As we celebrate the 400th anniversary of Shakespeare’s death this year, there are more than the usual amount of Shakespearean activities in London this summer.
One of the most interesting is Henry V at the Open Air Theatre in Regents Park with Michelle Terry in the title role; as the Financial Times put it, “[I]t’s hard to tell which was reverberating more strongly as we watched Robert hastie’s revival in Regent’s Park: the fact that it featured extensive cross-casting including an actress as King Henry, or that this play about, er, England’s engagement in Europe was opening the evening before the British referendum on the EU. Well, theatrically at any rate the X belongs firmly in the ‘Remain’ box”. It only runs til 9 July so make haste!
We would definitely also go for Ralph Fienne’s chilling Richard III at the Almeida, one of the mainstays of the off-West End theatres, right on Upper Street in Islington. Vanessa Redgrave is Queen Margaret!
A potentially exciting performance is likely at Glyndebourne, the internationally famous opera house in the country just an hour away from London, which is putting on 2 operas with Shakespearean links this season. The first is Berlioz’s Béatrice et Bénédict which is based on two young characters from Much Ado About Nothing. A new Glyndebourne production, it is directed by Laurent Pelly, one of France’s most sought-after directors of both theatre and opera, with performances from 23 July to 27 August, and with a cast including French soprano Stephanie d’Oustrac who did a wonderful Carmen (another French opera) at Glyndebourne last year. We are very excited about this performance – as we detail in “Summer 2016 – top 5 summer operas to die for”.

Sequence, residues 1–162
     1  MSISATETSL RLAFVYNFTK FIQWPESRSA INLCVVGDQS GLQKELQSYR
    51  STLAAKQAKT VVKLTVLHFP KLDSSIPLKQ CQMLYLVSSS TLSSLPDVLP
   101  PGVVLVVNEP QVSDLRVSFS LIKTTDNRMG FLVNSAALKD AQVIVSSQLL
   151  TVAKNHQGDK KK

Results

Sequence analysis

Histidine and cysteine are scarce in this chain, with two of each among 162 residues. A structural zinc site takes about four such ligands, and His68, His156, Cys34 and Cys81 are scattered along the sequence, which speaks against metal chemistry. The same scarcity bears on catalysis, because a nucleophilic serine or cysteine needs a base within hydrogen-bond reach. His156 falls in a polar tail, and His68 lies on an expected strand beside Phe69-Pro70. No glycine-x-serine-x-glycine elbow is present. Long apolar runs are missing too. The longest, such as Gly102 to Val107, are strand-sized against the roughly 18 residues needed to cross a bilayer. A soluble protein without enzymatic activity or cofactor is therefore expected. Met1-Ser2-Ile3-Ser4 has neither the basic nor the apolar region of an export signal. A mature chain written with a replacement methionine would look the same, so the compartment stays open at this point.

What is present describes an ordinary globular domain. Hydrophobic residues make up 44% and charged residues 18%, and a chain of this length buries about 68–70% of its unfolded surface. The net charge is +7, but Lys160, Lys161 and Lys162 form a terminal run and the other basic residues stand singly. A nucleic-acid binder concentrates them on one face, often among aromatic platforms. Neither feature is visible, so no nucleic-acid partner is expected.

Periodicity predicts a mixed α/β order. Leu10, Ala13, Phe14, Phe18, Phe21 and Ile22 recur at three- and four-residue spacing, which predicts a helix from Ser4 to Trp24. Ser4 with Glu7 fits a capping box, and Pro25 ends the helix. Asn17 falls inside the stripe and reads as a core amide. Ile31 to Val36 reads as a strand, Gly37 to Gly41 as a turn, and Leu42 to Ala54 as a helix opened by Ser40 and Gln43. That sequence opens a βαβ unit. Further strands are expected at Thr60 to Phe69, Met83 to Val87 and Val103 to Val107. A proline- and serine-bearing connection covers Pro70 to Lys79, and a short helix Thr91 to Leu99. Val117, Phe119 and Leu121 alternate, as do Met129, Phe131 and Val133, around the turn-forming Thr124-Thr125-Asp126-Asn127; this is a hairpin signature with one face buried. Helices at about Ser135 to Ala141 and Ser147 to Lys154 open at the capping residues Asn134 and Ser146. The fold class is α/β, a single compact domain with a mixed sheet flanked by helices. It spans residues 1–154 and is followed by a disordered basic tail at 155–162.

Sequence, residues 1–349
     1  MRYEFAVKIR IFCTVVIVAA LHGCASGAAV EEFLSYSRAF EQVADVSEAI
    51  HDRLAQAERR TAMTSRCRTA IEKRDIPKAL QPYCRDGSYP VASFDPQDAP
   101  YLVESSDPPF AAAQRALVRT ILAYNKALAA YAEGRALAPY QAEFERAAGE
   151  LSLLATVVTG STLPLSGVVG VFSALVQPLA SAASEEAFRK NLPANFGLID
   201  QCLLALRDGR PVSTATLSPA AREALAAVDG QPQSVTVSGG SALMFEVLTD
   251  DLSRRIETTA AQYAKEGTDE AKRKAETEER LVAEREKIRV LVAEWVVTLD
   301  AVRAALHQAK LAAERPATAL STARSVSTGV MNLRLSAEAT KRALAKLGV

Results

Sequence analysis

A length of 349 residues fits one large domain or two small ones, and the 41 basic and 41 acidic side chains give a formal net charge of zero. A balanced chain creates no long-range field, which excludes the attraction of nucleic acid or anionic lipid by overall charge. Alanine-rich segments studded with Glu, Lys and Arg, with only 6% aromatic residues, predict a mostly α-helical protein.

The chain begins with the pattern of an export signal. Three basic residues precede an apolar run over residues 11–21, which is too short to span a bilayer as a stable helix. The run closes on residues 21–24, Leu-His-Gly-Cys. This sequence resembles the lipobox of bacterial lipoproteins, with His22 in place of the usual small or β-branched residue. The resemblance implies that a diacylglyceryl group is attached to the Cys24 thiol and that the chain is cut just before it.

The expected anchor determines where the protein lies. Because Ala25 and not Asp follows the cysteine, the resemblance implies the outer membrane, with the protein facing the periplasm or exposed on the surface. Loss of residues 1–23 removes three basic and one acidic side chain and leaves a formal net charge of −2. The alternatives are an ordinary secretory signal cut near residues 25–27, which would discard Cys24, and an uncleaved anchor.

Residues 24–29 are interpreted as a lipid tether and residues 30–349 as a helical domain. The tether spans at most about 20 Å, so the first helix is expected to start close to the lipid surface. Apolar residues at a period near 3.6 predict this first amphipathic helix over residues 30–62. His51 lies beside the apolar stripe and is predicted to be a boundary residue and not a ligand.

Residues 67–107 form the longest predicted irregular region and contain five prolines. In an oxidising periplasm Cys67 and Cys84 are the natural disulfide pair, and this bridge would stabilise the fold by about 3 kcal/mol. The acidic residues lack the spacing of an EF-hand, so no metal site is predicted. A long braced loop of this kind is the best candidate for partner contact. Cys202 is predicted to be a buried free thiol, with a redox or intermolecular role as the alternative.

The second Shakespeare production at Glyndebourne this summer is the return of Peter Hall’s enduringly popular 1980 production of Benjamin Britten’s version of A Midsummer Night’s Dream for its first revival in ten years, with performances on 11-28 August. It would be a lovely mid-summer thing to catch!
For those not yet in the know, Glydebourne runs a popular returns club as tickets can get sold out quite early. For those forward-looking souls, Glydebourne is also gearing up for the world premiere of a new production of Hamlet composed by Brett Dean.
By special permission of the Queens, a series of performance of A midsummer night’s dream at the Moat Gardens of Windsor Castle in August is not to be missed. Bring a rug and enjoy!
Windsor Castle is celebrating its association (the Merry Wives of Windsor was set there and was performed in front of Elizabeth I!) with a Shakespeare at the Royal Library exhibition that lasts until early 2017.
Shakespeare’s first folio, of course, is at the British Library which is very convenient if one is travelling on the Eurostar to Paris. It is hosting a “Shakespeare in ten acts” exhibition until early September.
Apparently, when Shakespeare was active as an author, writing about London was in vogue. Ben Jonson, among others, was famous for his “city comedies”. Although Shakespeare never contributed to this popular genre, London appears as a setting in several of the history plays, such as the two parts of Henry IV, where Falstaff’s home base, the Boar’s Head Inn, is located in Eastcheap. In a later historical period, but an earlier play, Richard III has his brother Clarence and his nephews murdered in the Tower of London. In the seldom-performed Henry VIII, the trial of Katherine takes place in Blackfriars.
So, go to London – with Madeleine – this summer!
P.S.Shakespeare400 has a detailed calendar of events.